Retiring principal recalls life-changing decision to seek teaching credential

Whenever Skip Kniesche ’91 receives an application and resume from a Dominican student, he automatically places it on the top of a stack of teaching candidates on his desk at A.E. Kent Middle School.

“That’s an absolute. It has to do with their training. Dominican students for the most part are just amazing,” says Skip, who has been the principal at the Kentfield middle school for 13 years. “It’s almost like the University has already done the screening for you. I think the faculty is incredible and the support system is outstanding.”

Skip speaks from personal experience. Dominican’s Department of Education provided him with a life-changing education 27 years ago when he decided to sell his family’s restaurant business in San Francisco to pursue a teaching credential. His short time at Dominican was so impactful that he helped persuade his daughter-in-law, Kelsey Kniesche, to seek her teaching credential. She will graduate from Dominican in May.

Skip’s family owned Schroeder’s on Front Street in the Financial District for almost 70 years.  It is the West Coast’s oldest German restaurant, but Skip was ready to sell it after his grandfather and sister died and his father was ready to retire. The Loma Prieta earthquake in 1989 provided the final push to try something else.

Skip earned his real estate license, yet one night at a family birthday party after an inspiring hour-long conversation with a friend, he was led in another direction. The friend urged Skip to become a teacher and encouraged him to get his teaching credential at Dominican.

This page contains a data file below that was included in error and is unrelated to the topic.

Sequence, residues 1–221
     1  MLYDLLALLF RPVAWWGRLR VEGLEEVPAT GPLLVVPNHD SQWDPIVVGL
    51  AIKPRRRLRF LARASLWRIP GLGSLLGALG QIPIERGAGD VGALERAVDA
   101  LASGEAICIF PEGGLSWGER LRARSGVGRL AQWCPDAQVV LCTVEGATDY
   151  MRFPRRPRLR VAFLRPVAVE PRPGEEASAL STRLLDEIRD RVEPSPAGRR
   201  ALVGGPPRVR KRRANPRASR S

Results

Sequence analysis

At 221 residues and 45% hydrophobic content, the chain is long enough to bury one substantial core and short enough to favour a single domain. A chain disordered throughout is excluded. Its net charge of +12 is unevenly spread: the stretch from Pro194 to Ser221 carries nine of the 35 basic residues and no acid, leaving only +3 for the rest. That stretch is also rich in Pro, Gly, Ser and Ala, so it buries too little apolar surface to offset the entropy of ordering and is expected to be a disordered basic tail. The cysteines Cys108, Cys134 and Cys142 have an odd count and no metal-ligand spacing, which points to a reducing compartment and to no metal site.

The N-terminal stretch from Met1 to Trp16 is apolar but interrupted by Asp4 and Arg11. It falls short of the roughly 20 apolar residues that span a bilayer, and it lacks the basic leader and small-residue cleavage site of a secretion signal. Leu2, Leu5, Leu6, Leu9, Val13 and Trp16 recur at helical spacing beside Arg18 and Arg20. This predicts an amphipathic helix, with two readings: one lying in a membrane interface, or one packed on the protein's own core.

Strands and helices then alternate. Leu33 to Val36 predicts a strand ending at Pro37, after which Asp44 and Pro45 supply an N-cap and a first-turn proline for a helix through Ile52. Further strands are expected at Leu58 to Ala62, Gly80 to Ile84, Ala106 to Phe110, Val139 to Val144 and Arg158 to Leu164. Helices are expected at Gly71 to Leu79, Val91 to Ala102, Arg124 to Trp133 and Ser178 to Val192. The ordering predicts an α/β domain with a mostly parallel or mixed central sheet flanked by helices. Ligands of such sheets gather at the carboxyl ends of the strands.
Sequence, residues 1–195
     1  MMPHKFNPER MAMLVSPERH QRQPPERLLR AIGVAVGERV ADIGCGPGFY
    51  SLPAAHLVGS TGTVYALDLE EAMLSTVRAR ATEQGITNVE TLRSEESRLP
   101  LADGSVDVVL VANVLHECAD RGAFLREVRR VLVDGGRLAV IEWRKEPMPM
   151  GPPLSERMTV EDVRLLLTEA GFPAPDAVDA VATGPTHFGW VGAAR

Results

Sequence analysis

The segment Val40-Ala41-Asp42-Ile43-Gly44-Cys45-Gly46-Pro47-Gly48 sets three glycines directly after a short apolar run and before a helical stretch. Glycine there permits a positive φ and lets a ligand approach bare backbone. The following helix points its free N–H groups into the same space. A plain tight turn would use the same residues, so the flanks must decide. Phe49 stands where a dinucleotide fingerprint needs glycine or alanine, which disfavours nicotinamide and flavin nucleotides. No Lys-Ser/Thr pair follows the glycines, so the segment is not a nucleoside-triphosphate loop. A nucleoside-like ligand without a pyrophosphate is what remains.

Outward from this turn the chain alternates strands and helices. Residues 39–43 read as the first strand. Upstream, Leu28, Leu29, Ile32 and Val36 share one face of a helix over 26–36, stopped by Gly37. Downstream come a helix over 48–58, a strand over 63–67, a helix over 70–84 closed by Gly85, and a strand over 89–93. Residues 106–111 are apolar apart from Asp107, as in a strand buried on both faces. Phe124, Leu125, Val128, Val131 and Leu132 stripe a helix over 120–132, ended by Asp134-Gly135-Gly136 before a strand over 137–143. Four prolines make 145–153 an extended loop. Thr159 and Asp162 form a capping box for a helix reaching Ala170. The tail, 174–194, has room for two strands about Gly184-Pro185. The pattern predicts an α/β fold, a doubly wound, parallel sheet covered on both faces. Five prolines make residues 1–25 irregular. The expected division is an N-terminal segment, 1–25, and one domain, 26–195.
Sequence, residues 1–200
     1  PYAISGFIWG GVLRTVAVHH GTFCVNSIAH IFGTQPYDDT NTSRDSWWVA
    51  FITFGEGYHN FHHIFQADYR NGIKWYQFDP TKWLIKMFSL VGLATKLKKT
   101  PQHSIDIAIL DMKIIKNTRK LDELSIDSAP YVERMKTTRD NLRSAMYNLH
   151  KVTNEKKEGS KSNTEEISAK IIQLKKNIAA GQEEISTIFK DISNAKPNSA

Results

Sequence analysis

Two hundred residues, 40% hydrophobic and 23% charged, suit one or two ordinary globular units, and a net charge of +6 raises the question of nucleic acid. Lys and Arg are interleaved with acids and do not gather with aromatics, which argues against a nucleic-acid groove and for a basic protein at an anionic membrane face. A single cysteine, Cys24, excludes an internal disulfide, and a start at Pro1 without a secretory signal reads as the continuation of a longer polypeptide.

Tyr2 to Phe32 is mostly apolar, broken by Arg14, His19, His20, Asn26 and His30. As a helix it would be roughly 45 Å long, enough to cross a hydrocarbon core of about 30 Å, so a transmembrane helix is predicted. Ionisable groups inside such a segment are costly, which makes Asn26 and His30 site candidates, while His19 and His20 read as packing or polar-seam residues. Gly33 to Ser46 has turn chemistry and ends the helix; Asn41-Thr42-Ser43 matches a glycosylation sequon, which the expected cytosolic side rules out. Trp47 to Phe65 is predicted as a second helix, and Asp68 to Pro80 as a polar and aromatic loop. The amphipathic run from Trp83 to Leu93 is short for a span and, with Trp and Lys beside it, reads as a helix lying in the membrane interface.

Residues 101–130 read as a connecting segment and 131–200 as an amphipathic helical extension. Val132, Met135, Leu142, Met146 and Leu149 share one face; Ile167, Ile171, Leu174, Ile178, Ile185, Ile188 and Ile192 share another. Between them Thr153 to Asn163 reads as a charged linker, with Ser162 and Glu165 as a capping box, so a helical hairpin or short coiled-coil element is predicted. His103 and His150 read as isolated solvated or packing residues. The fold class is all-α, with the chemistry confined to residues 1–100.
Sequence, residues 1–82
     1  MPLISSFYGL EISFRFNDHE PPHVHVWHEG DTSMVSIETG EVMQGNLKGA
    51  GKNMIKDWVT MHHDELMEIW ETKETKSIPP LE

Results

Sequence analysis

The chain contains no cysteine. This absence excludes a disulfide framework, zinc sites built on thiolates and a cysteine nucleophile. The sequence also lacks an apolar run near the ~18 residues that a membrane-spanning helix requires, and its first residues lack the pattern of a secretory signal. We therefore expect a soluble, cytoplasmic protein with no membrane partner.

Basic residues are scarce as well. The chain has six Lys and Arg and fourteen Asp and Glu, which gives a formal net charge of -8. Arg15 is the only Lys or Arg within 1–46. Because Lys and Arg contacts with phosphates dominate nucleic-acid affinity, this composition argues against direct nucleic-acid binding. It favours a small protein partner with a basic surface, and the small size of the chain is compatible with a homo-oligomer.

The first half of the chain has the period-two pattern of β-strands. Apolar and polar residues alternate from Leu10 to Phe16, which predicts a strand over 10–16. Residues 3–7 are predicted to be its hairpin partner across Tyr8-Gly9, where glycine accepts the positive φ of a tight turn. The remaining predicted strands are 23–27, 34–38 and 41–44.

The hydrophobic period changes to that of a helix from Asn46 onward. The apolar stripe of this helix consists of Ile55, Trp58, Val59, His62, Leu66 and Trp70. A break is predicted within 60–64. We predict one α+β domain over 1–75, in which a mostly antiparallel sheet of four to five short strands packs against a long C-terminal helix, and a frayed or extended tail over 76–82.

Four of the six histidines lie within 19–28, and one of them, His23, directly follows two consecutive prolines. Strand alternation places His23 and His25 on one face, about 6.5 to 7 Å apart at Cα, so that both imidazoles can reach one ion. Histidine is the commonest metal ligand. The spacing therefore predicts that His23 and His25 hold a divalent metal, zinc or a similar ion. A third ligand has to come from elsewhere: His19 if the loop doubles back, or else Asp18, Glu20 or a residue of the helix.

Skip had been a Ross school board member and was comfortable with kids as a Little League baseball coach and Boy Scout leader for ten years. Dominican provided the support that Skip, then 38 years old, needed to make the transition to a new career.

“It was hard to get my mind around researching and studying and writing papers, but the teachers were helpful in terms of how I was able to get through,” Skip recalls. “It seemed like the right thing to do. Dominican was awesome. One of the reasons I liked Dominican was that I heard that students who came out of the Education department always got jobs.”

•    Request information about Dominican’s graduate programs.

With his multiple subject credential, Skip started teaching in sixth grade at Brookside Elementary School in San Anselmo. The next year, Bob Caine, former superintendent of Kentfield School District, suggested Skip apply for a fifth grade position at Kent School in 1992. Both he and his wife, Nancy, joined the Kentfield School District the same year.  While Nancy retired two years ago, he has been there ever since.

“Dominican helped me learn how to handle myself in the classroom.  That’s an important piece. That experience to go and teach in a school before graduating was completely foreign to me. Once you’re in a class room it’s your own style,” The lesson planning he learned at Dominican prepared him well, as did his student teaching experience.  Skip says. “Dominican also gave me the resources and allowed me to come back and ask for help. They were there for that. It was a complete change to go from the business world to the education world.”

In 2005, Skip became principal at Kent School. In 2012-13, Kent received the designation of California Distinguished School and in 2015-16 Kent received the Gold Ribbon award from the state of California.  This June, Skip will retire as its principal roughly 27 years after taking a leap of faith into Dominican. He will join his wife in traveling and enjoying their seven grandchildren.

That faith is validated by the number of applications from Dominican over the years that have crossed his desk.

“We have gotten a large group of teachers from Dominican,” Skip says. “There is something about the preparation that they do that is unlike anything we see in any other school that we hire from and that’s the absolute truth.”


April 30, 2018